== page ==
Wednesday, November 17, 2010

This one's for Chlo

This morning I woke up in the wee hours of the morning with a classic case of IM butterflies. All kinds of thoughts in my head and details and things to pack and "what ifs" and what not. Eventually, I landed in a place where I was thinking about our dog Chlo. As some of you may know, we lost Chlo at this very same time last year. A beautiful yellow lab and we loved her more than I'm able to put into words. She was the first dog that we had as a family, my boys grew up with her and she was my husbands faithful and beloved companion (of the four legged variety) for about 9 years.

So, the reason I need to tell you her story is this. Last year, we had plans to fly out to Phoenix to volunteer at the IMAZ '09 and sign up for this year. My husband and I and a couple of friends made this plan months in advance and the plan was to get away for a weekend, go someplace we'd never been, volunteer and cheer on friends who were racing, etc. Well, the night before we were to catch an early morning flight to Phoenix, Chlo was not right. Now you need to understand that Chlo had issues already. She had Addison's disease which was diagnosed when she was about three years old. This is a condition that has to be managed, but she did well with it. However, on this Friday evening she was not right. She couldn't stand up and would not eat or drink. She had been having these kinds of episodes every now and then for a while, but this one was a bit more alarming.

I had just come home from work this Friday evening and my husband was quickly out the door to the vet with Chlo just to make sure that she was okay to leave for the weekend. Twenty minutes into his absence, the telephone rang and it was Dave. He sounded distraught — and I knew... He told me that I should come and bring Brendan (our son) along too. We didn't discuss details then, but I knew...

When we arrived, my husband had already been discussing things with the vet. I knew when I saw him that it wasn't good. The vet filled us in. Basically, Chlo had a tumor wrapped around her spleen. She was bleeding internally periodically and when this happened it caused her to have these episodes where she couldn't stand or eat or be her normal self. The vet made it clear that there was little to be done for her outside of making her comfortable. His recommendation —which he put forth very delicately — was to not let her suffer.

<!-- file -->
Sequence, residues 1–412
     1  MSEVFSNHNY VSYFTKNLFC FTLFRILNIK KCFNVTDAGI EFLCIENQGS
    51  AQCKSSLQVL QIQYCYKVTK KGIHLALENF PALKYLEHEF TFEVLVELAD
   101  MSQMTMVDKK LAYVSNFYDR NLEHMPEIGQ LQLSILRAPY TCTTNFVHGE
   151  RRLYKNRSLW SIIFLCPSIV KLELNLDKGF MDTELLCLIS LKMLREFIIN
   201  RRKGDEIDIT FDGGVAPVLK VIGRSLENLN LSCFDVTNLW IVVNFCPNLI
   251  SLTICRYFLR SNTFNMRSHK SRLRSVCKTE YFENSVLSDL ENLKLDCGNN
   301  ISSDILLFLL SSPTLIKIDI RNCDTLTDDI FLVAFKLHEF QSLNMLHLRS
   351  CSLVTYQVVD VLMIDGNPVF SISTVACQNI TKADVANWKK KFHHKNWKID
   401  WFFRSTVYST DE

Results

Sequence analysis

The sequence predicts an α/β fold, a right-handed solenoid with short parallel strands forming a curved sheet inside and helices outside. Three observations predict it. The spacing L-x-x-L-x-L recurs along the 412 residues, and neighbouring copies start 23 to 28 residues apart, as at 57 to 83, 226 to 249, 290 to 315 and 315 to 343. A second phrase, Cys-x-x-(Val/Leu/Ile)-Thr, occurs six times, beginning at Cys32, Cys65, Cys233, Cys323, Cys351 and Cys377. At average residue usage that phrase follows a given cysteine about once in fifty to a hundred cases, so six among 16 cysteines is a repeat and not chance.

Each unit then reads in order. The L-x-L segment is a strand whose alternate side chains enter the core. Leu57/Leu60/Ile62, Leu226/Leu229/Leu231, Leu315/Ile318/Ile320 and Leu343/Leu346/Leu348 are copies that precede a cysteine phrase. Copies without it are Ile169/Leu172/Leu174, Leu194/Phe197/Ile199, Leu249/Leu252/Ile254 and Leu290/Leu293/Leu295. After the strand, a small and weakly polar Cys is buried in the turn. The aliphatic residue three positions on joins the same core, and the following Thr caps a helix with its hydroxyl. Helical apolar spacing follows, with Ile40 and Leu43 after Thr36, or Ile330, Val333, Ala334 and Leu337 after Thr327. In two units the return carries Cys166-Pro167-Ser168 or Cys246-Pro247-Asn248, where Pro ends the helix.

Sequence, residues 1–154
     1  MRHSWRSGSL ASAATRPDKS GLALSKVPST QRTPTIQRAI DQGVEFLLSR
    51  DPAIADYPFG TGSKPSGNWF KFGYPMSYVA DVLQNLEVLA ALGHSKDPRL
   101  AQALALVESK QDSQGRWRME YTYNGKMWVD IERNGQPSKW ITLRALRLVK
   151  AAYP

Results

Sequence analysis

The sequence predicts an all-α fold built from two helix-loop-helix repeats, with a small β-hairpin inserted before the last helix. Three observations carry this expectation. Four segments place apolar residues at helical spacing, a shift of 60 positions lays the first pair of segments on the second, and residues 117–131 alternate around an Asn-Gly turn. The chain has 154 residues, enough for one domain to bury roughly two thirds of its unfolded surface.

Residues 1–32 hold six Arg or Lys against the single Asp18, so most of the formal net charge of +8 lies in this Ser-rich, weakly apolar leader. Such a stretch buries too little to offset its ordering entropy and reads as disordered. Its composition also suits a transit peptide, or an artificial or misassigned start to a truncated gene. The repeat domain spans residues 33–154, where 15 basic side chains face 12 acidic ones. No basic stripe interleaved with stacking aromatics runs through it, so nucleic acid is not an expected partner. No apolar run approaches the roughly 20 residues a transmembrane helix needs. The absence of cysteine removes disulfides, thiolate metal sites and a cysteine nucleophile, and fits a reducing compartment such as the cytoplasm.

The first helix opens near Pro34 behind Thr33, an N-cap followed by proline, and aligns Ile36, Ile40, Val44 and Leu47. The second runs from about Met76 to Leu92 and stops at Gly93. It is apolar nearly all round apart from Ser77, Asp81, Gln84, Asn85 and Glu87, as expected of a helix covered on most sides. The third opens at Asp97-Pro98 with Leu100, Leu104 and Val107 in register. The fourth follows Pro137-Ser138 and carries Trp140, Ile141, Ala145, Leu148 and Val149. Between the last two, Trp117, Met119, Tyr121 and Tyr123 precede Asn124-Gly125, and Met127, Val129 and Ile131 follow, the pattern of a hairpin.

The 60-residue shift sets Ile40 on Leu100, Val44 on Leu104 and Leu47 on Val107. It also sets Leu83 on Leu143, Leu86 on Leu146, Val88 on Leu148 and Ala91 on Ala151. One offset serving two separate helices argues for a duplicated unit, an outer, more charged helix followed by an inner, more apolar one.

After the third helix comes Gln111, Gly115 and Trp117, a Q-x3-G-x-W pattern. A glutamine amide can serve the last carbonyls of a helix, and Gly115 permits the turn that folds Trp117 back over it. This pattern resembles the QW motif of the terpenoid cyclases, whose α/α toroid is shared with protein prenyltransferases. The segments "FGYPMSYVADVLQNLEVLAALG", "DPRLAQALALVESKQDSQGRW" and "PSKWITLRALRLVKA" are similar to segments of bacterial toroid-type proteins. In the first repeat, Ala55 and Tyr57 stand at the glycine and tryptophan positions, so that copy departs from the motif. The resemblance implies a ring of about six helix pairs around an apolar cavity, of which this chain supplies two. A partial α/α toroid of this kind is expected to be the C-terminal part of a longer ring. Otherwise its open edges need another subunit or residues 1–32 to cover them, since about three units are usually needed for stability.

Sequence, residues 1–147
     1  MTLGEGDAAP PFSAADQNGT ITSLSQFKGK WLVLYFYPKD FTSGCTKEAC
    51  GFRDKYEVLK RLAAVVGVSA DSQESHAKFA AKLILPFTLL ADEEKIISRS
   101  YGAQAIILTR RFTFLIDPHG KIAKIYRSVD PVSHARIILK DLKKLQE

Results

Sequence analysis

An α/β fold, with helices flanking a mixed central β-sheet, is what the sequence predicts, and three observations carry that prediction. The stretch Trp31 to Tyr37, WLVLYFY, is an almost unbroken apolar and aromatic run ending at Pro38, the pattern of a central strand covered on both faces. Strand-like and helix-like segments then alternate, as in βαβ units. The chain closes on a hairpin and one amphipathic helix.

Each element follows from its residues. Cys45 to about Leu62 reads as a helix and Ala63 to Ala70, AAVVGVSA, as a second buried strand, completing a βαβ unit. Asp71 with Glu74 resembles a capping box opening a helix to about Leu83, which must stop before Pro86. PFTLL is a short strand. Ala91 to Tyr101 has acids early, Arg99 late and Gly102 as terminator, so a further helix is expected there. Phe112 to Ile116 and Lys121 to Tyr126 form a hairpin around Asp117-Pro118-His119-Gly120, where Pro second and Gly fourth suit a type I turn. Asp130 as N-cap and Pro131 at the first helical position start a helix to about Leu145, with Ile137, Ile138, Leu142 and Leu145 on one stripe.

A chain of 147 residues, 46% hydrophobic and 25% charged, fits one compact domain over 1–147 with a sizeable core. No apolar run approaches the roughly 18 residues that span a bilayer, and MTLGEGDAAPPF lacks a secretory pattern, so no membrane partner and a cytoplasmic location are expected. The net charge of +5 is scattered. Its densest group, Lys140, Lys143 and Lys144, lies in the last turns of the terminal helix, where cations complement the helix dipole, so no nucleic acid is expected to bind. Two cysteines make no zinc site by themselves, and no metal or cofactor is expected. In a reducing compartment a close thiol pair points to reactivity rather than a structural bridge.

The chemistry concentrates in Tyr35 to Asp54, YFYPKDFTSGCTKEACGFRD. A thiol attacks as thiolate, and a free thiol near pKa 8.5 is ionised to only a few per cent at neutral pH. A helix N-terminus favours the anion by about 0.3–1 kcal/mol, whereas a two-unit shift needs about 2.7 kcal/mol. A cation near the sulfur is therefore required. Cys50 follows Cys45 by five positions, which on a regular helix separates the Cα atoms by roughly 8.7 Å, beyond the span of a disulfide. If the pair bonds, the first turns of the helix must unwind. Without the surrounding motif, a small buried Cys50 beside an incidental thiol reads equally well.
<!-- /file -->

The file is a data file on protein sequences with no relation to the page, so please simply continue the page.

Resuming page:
He left us alone for a bit with Chlo in the little exam room —the three of us and our Chlo. She lay on the floor, but every now and then she'd get up and put her head on one of our knees as she was prone to do when one of us wasn't feeling well. If you've ever had the pleasure of a relationship with a Labrador Retriever, you know what special dogs they are. Incredibly sensitive to your mood and your needs as a human. Always there to give love. She didn't have much energy and would end up back on the floor again soon. Eventually, we got down there with her .

As we lay on the floor, we agonized over the decision at hand. Basically, we were devastated. The vet knew this and gave us the time we needed to deal with it. In our 20 plus year marriage, I had never seen my husband openly cry. It had been years since I'd seen my teen age son shed a tear.

So we lay there with her and ate up those moments with her until we decided that we could not do this again — feel this pain of letting her go. We let the vet know that we were ready. We were incredibly distraught and he and his staff was incredibly supportive. They asked us if we wanted to stay with her and, of course, we did. We stayed until she was gone and then some. It took everything we had to get up off that floor and leave her.